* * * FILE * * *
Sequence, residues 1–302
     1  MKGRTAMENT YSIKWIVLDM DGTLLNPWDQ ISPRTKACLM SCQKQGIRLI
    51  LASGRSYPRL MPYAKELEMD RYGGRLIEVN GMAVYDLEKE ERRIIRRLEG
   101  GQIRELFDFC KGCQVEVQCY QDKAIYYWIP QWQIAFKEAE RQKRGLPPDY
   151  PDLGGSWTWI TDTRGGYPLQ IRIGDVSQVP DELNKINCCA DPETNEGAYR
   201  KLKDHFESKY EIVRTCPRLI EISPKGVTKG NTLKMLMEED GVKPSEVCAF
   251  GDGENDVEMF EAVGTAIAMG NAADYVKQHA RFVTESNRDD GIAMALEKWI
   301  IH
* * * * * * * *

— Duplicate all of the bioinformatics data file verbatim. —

Sequence, residues 1–302
     1  MKGRTAMENT YSIKWIVLDM DGTLLNPWDQ ISPRTKACLM SCQKQGIRLI
    51  LASGRSYPRL MPYAKELEMD RYGGRLIEVN GMAVYDLEKE ERRIIRRLEG
   101  GQIRELFDFC KGCQVEVQCY QDKAIYYWIP QWQIAFKEAE RQKRGLPPDY
   151  PDLGGSWTWI TDTRGGYPLQ IRIGDVSQVP DELNKINCCA DPETNEGAYR
   201  KLKDHFESKY EIVRTCPRLI EISPKGVTKG NTLKMLMEED GVKPSEVCAF
   251  GDGENDVEMF EAVGTAIAMG NAADYVKQHA RFVTESNRDD GIAMALEKWI
   301  IH